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Gal & Dino Review (Episodes 1-3)

Gal and Dino

Every culture has its own eccentricities when it comes to humor and Japan is no exception. While many things are universal, there’s a feeling that you’re just not in on the joke sometimes.

Gal & Dino is a strange series this year with a very opaque sense of humor. While there are many warmhearted and laughable scenes, there’s something about it that just doesn’t sit right.

Gal & Dino
Studios: Space Neko Company, Kamikaze Douga
Publisher: King Records
Director: Jun Aoki
Translation: Funimation
Premiere: April 5, 2020

Gal and Dino

Gal & Dino is an unusual series from its humor and style, and even to its format. Rather than a traditional series, each episode plays out more like a variety show.

The first half of the show is dominated by an animated portion that most people were expecting, telling two stories in about 3-7 minute chunks. In addition smaller segments done in stop-motion separate each animated story and the two halves of the episode.

The plot is simple and easy to digest (for the animated portion at least). The titular Gal wakes up one day after a long night and vaguely recalls bringing a cartoonish Dino back to her apartment.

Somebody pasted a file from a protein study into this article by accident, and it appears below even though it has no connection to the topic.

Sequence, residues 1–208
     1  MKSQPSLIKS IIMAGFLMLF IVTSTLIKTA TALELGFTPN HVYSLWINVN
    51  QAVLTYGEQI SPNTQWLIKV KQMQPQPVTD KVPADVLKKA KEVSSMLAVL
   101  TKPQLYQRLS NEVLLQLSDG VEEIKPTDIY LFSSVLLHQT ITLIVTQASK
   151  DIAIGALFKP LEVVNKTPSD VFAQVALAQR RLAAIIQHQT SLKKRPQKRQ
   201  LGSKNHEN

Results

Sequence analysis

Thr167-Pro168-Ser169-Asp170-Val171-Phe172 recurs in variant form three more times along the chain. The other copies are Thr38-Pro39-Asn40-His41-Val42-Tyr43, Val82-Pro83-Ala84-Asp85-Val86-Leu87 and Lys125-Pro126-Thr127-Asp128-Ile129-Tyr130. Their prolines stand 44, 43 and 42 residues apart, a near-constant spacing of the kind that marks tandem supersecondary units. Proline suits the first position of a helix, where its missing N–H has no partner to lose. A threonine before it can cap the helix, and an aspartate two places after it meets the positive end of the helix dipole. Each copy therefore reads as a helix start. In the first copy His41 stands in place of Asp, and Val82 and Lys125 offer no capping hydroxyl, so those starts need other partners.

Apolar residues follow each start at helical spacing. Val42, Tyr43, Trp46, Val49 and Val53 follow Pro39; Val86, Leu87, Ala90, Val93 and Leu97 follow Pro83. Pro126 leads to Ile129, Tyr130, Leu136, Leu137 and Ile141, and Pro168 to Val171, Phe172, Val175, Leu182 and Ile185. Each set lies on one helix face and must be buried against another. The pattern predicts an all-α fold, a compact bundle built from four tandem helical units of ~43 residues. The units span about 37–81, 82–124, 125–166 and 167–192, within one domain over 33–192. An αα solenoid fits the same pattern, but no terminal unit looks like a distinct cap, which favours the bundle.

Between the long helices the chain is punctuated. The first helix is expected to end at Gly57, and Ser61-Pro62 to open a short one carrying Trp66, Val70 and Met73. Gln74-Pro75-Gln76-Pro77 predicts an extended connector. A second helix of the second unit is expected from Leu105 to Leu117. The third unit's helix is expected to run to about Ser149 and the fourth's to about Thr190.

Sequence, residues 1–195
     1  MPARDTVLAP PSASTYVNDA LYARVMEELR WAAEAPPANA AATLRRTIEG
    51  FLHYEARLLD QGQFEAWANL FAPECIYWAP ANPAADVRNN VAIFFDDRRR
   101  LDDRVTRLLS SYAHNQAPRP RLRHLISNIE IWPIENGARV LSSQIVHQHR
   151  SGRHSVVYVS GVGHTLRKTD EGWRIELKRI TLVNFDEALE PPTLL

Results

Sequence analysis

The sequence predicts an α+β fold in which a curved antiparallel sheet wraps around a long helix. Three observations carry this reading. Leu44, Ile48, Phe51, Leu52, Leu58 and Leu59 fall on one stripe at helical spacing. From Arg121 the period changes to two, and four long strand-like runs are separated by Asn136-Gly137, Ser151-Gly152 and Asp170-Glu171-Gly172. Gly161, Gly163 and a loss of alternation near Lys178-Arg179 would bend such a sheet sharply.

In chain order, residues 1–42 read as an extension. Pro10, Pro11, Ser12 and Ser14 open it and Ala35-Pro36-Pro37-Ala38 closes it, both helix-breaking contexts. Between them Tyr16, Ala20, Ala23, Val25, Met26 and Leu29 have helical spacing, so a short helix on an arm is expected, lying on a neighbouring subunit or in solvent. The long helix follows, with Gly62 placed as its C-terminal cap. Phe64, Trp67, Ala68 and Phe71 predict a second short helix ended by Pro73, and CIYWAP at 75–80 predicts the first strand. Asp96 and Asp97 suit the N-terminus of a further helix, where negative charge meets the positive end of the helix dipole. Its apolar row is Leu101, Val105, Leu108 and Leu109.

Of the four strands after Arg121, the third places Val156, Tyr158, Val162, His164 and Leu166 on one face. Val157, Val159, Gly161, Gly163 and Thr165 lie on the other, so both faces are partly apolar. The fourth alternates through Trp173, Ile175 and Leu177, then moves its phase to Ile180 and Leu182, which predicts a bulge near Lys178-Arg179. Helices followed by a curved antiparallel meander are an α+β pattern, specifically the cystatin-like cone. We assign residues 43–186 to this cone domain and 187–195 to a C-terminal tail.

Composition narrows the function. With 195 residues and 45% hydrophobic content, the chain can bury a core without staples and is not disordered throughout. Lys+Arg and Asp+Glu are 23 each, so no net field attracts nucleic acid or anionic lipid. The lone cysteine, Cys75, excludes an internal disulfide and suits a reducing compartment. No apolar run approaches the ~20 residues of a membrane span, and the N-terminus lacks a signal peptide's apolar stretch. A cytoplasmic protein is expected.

Gal and Dino

The two are both surprisingly laid back, not letting anything get to them. Gal’s flippant attitude towards a cartoon dinosaur living in her apartment sets the tone for the series.

Gal seems to lead a normal life, she broke up with her boyfriend somewhat recently, she works a job at a convenience store, and she gets along with her landlady. The humor is meant to lie in just how absurd Dino is and despite that how normally Gal and others interact with him.

Rather than a comic and straight man setup, it’s more like both Dino and Gal are fools. Dino is almost aware of his own absurdity and is the closest thing to the straight man and his surprisingly rational anxieties being soothed by the affable Gal are a constant source of humor.

Gal and Dino

For instance one scene has Gal leaves the house with Dino, Gal tells Dino it’s time to go and Dino thinks he’s about to be asked to leave. However Gal simply meant that if Dino is going to be staying with her, he needs his own toothbrush and towel.

It’s a refreshing take on a typical comedic formula that utilizes absurdity with the absurd aspect (in this case Dino) being the only one to realize he’s absurd. Even Gal’s landlady and coworker seem to only momentarily question Dino’s existence.